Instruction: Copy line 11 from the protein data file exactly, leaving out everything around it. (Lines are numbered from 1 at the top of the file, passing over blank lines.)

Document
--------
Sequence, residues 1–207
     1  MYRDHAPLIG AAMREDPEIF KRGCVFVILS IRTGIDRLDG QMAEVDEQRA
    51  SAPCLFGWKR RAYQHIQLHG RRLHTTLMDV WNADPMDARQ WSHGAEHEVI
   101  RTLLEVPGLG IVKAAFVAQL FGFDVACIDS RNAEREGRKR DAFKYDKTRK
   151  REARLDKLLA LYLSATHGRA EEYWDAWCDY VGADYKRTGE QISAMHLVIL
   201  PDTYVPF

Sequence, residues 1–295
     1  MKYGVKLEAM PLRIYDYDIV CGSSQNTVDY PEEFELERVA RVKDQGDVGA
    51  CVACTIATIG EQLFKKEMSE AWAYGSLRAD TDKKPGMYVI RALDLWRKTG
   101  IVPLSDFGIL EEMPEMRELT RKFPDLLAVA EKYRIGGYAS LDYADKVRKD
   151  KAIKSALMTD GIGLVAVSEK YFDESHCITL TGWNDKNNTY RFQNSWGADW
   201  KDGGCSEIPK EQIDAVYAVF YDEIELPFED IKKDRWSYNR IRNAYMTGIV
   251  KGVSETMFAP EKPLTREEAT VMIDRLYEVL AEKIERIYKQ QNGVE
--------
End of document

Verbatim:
   151  KAIKSALMTD GIGLVAVSEK YFDESHCITL TGWNDKNNTY RFQNSWGADW